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hedge.brg @hedgeberg
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Part one, teardown.

Part two, diagnose(?)

Part three, repair(???)
Where the fuck is my groundstrap???
Inside of laptop, back side of motherboard, cables disconnected
Front and back of mobo. During my testing earlier, p sure I noticed that the MCU responsible for power button management is under the heatsink, so might as well get that off while we're at it.

Also I found my ground strap!
So, after a bunch of investigation, it looks like I've mostly pinned down the issue: the power frontend seems fucked, as these power mosfets are not being switched or even driven, and they provide power to the rest of the board.
I'm about 70-ish% sure the issue is this guy, the Intersil 95520HRZ, which should be responsible for load balancing between the battery and the DC supply by controlling those 2 FETs.

No AC or DC at gate, 20V at drain, gotta think it's not doing it's job.
Ok, now it's time for me to go to sleep, I will probably test my theory by playing with /very very very/ carefully bypassing that IC and the FETs tomorrow to see if I can get the board talking. Night all!
So, been working on this for the last 4 hours now, mostly just trying to verify last night's conclusions. Replaced the laptop supply with my DC supply so I could gauge current into the board and prevent any over-current. Latent power draw is 2 mA when hooked up to DC. Seems right
Basically, the question is will it draw a reasonable amount of current if I short those 2 transistors, so I'm going to apply a 10 mA or so limit, and it shouldn't spike the quiescent current when there's no battery. Wish me luck!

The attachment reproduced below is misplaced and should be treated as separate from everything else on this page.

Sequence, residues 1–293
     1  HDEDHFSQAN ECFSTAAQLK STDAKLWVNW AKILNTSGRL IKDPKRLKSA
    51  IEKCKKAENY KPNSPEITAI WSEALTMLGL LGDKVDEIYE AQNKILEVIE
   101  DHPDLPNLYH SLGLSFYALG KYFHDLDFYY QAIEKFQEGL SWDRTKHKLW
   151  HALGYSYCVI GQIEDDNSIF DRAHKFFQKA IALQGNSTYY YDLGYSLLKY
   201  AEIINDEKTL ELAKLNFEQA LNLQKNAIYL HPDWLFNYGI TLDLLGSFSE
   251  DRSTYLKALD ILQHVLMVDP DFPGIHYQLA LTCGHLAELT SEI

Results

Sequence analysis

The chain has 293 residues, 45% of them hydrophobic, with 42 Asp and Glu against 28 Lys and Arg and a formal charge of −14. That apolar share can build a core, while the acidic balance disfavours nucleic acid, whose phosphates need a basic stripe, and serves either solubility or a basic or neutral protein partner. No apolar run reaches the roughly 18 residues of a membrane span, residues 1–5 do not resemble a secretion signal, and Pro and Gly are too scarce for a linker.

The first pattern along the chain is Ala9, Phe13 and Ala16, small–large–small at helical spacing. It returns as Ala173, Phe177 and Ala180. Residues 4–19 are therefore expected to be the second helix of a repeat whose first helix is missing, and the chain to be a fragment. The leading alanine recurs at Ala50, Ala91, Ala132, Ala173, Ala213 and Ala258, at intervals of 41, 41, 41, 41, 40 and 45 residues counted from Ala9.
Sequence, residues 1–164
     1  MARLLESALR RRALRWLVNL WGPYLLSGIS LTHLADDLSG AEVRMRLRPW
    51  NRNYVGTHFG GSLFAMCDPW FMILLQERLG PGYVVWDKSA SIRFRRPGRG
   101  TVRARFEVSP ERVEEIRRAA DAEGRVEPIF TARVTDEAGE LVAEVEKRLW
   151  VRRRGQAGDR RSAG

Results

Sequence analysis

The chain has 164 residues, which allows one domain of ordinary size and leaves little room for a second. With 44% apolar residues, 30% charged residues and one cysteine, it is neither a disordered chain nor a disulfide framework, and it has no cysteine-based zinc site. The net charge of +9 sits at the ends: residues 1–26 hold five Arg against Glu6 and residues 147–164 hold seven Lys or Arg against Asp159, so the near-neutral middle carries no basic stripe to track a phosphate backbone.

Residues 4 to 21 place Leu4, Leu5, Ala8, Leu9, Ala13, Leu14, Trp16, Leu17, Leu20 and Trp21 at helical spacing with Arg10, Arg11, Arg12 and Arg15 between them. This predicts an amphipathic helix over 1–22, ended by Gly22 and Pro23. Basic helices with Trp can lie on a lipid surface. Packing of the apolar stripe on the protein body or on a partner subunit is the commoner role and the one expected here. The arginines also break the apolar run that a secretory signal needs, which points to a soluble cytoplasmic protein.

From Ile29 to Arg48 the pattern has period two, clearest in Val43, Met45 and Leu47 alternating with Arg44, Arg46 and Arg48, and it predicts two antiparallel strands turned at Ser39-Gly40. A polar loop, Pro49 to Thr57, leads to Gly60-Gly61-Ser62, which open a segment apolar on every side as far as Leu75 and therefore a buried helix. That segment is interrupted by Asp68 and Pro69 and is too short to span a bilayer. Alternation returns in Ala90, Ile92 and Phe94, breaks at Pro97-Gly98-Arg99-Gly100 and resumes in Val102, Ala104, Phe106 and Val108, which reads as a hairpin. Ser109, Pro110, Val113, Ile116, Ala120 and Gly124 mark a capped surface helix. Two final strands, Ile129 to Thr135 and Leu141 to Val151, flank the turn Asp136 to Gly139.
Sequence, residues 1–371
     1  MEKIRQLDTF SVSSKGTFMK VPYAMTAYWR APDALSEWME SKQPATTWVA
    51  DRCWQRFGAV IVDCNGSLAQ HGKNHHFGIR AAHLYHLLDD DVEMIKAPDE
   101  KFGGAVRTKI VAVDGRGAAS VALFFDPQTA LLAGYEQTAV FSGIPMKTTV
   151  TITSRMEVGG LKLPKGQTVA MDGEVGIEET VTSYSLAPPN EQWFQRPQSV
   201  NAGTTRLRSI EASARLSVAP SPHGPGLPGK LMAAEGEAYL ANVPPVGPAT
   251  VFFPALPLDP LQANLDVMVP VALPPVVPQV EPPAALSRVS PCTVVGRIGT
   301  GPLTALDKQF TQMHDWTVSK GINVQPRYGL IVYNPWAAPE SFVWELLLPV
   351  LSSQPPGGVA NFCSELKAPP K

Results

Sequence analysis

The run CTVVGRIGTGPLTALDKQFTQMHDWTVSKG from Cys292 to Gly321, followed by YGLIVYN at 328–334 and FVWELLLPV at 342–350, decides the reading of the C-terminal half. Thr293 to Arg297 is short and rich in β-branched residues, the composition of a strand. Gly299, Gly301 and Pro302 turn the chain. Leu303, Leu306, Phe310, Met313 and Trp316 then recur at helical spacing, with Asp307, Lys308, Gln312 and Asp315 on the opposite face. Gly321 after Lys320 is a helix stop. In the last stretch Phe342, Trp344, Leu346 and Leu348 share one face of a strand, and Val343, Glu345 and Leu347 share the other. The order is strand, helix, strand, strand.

Current definitely spiked up, so now I'm going to do a bit of an experiment instead: I'm going to try to reverse the circuit a little bit to figure out what the intended voltage is. Here's pics of front and back of board. Not exactly clean.
First bit of reversing done, couldnt find datasheets for half the components but thats ok. I think the inductor is what power for the battery charging path is driven through, and I think that diode is backwards. I'm going to translate this to a proper circuit. afaict A = main Vcc
So, I think this is mostly right, but I haven't seen this converter layout before... It doesn't look like a buck converter or a flyback or a boost.... I need to figure out where this inductor goes... and check the direction of this diode...
It kinda looks like buck-boost? but the inductor is before the transistor... This is weird or I'm being stupid. Any input appreciated.
Bad news: Well, I tried bypassing the power supply, and it appears the issue is somewhere downstream :/

Good news: the motherboard designers planned for this, theres a bunch of jumper isolation points that are just solder blobs, with the 2 pictured being 0 ohms to main supply
Plan: break these, test impedance from supply to ground. Currently the quiescent steady state impedance registered by my meter is 15 ohms or so. If I'm lucky, splitting one of these off will change that. Next option is removing the smd fuses for the same purpose.